Europe has known such violence before

Par George Jonas le 26 août 2011

To protest Europe's inundation by Muslims, Anders Behring Breivik killed 76 fellow Norwegians. He evidently thought that putting Christians to sleep would wake them up. This puts the mass murdering 32-year-old in a class with Count Anton von Arco-Valley, until now a contender for the title of all-time sicko among political assassins.

Arco-Valley was a half-Austrian, half-Jewish army officer who in February, 1919, assassinated Bavaria's first republican president, Kurt Eisner, for being insufficiently German. "Eisner is a Bolshevist, a Jew, he isn't German, he doesn't feel German," the Austrian-Jewish count wrote of his victim. Insanity being contagious, Arco-Valley's act became a source of inspiration to young Joseph Goebbels, who happened to be in Munich when the disgruntled aristocrat shot the president in the back. Today a glance at the Internet will reveal that there are putative Goebbelses lurking in Europe to whom Breivik's killing spree seems equally inspirational.

The European Union is beginning to look eerily like Germany under the Weimar Republic. Comparisons are never exact, and anyone could come up with a string of obvious differences, but in the EU many groups of citizens are at odds with their society's principal values, just as they were in Weimar, and by now several have expressed it through acts of political terror, targeted or random, as their soul-mates did in Germany between 1919 and 1933.

Like their Weimar counterparts, the EU's bullies, brawlers and assassins have emerged from a combination of colours on the political palette, from neo-Marxist red and neo-Nazi brown all the way to environmental or Islamist green. The last group leads the body count after bombing the train and subway systems, respectively, in Madrid (2004) and London (2005). But last week's Norwegian madman amply demonstrated (if such demonstration were necessary) that acts of hebephrenic malice are available to all regardless of ethnic, political or theological persuasion.

The assassin's act is often counterproductive. When Arco-Valley, the mad Count, shot the president, Eisner was actually on his way to resign his presidency. All his killer achieved, apart from inspiring future reichspropagandaministerGoebbels, was to invite reprisals next month from communists and anarchists against the right-wing Thule Society, costing the life of one of their stars, Prince Gustav of Thurn and Taxis. Bavaria even had a Soviet-style dictatorship installed in 1919 as a result of Eisner's shooting, to the dismay of an up-and-coming dictator named Adolf Hitler.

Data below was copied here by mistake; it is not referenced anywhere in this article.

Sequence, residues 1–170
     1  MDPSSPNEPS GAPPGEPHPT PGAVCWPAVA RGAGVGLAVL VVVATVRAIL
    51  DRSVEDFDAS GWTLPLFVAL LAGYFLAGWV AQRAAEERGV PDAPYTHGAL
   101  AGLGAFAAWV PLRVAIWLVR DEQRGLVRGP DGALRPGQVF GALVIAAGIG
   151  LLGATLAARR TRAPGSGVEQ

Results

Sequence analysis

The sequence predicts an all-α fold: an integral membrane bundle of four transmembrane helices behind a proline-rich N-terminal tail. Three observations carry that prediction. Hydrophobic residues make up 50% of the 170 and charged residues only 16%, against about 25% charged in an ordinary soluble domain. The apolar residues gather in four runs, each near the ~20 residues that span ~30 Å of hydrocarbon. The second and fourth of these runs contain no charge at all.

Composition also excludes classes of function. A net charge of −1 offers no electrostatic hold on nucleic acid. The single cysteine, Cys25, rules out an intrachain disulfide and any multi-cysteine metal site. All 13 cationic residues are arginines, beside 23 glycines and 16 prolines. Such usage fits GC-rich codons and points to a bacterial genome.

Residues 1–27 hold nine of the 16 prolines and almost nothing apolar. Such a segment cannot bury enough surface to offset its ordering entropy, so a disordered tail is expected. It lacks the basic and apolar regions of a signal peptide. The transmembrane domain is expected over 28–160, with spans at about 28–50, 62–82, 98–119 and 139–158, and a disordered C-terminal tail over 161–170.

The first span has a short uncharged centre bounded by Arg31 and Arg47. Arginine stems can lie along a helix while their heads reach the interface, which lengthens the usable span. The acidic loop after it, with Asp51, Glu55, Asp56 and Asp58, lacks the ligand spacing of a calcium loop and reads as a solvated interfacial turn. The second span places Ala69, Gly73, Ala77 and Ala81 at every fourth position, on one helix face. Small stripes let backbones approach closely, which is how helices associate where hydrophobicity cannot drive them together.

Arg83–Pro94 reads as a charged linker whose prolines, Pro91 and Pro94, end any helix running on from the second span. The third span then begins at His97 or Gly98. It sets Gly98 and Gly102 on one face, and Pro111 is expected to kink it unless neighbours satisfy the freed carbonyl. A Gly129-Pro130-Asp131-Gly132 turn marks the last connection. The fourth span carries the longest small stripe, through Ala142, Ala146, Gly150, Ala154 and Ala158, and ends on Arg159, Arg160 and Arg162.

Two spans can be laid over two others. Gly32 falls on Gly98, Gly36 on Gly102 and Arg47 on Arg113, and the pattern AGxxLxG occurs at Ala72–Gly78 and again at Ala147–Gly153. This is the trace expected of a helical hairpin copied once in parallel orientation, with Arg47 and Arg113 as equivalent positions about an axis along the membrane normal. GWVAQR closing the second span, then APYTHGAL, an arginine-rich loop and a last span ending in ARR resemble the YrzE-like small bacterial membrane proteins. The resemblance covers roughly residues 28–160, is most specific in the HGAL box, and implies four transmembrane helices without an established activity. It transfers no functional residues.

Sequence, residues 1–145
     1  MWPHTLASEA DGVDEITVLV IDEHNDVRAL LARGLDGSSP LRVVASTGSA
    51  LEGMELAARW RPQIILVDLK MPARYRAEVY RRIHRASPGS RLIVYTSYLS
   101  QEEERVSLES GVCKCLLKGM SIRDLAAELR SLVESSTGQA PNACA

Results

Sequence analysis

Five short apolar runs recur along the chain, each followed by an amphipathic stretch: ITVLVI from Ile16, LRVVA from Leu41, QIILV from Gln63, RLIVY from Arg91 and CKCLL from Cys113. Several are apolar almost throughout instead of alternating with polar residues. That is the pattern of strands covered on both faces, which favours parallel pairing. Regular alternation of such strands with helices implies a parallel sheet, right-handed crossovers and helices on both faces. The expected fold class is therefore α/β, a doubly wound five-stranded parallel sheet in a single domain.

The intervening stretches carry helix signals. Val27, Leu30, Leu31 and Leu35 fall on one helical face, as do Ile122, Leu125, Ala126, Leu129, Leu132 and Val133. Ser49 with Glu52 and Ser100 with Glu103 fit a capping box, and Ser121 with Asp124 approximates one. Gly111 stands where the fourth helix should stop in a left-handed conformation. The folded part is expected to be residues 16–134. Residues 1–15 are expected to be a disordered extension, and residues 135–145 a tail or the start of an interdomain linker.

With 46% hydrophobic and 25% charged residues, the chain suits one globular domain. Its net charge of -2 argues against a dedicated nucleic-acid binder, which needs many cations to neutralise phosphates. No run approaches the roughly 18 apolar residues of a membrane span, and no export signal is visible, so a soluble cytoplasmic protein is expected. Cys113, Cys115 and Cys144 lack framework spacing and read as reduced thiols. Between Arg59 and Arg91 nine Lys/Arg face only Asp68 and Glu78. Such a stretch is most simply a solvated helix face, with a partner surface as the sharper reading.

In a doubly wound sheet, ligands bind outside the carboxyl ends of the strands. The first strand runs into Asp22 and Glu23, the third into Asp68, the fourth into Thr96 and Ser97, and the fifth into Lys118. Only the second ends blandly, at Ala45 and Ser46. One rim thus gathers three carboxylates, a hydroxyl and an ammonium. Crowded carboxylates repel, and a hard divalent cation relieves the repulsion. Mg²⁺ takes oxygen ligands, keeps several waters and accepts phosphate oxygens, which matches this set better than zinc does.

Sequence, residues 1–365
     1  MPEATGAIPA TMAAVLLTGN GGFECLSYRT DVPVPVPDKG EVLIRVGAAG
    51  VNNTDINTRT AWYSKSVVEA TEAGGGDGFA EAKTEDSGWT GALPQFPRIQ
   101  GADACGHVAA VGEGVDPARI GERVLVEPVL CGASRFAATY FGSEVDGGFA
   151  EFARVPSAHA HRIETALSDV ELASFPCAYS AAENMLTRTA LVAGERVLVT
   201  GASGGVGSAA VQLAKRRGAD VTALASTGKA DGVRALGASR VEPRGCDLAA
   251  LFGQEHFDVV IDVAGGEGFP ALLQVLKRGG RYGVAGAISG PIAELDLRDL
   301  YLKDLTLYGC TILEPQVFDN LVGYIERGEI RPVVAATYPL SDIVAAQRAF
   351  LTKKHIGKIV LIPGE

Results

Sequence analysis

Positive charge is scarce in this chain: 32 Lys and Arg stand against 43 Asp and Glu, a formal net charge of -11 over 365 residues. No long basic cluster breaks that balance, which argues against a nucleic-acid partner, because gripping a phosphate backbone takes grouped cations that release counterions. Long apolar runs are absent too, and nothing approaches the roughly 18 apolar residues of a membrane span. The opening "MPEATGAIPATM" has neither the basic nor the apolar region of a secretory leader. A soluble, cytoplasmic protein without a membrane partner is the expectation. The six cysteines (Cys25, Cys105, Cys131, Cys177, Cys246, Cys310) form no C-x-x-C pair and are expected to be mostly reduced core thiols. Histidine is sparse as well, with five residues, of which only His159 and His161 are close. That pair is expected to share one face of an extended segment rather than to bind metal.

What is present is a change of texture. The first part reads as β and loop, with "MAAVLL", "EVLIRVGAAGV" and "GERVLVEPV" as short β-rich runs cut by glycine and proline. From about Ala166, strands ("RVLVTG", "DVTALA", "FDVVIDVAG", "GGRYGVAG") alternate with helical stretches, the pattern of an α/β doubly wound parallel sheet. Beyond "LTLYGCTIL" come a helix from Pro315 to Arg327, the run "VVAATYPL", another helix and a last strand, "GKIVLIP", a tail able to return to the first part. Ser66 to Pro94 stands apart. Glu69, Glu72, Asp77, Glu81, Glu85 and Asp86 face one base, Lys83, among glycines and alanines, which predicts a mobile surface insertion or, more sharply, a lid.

The assassination of Eisner wasn't the first in Weimar's series of political murders. That distinction belonged to the killers of Rosa Luxemburg and Karl Liebknecht, she a Marxist thinker and he a Marxist doer who should have left all thinking to her. The two were drowned in Berlin's Landwehr Canal after Liebknecht's communist Spartacus League made a rather foolish coup attempt against the social-democratic government in Berlin. That's how it came about that in the left's great WhoDrownsWhom contest the social democrats led for a glorious moment in 1919, though the communists made up for it by drowning, shooting, beating and starving social-democrats en masse around the world.

In the Weimar period the edge really belonged to the terrorists of the right. The thugs of the ultranationalist OC (organisation consul) were leading the thugs of the Marxist RFB (roter frontkämpferbund) by a comfortable margin, both in terms of murders committed and murders gotten away with. According to one source, right-wing terrorists served a combined 90 years for 354 political murders between 1919 and 1922, while the terrorists of the left served 250 years for killing 22, in addition to suffering the death penalty in 10 cases.

The various freikorps -- war veteran legions -- of the right and the left along with their derivatives were piffle compared to the paramilitary organizations of the emerging Nazis. Still, they were piffle with a sting. Thought not as formidable an instrument of evil as the sturmabtelung or SA, in the summer of 1922 a group of freikorps-types still managed to ambush and murder the Weimar Republic's foreign minister, Walther Rathenau. Two of the assassins committed suicide when cornered by the police, eliciting The New York Timesheadline: Germans Repress Royalist Terror. Even if they had, it wouldn't have helped Weimar. By then Nazi terror was just around the corner.

The Weimar Republic was democracy's temporary bridge leading Germans from the shoals of empire to the cataracts of tyranny. It tried to govern on the basis of values it didn't share with its people -- or they with each other. Consensus wasn't Weimar's strong suit, and neither was coercion, which made it an asylum without straitjackets. In this, if nothing else, it resembled the EU.

Some lament that Breivik is a rightwing nutcase; others rub their hands in glee. Both are wasting their time. Misdeeds don't invalidate ideas any more than ideas validate misdeeds. When people who are wrong try to discredit people who are right on the basis of something the lunatic Norwegian said in the days when he was only shooting off his mouth, remember that 2 x 2 = 4, even if the Unabomber says so.


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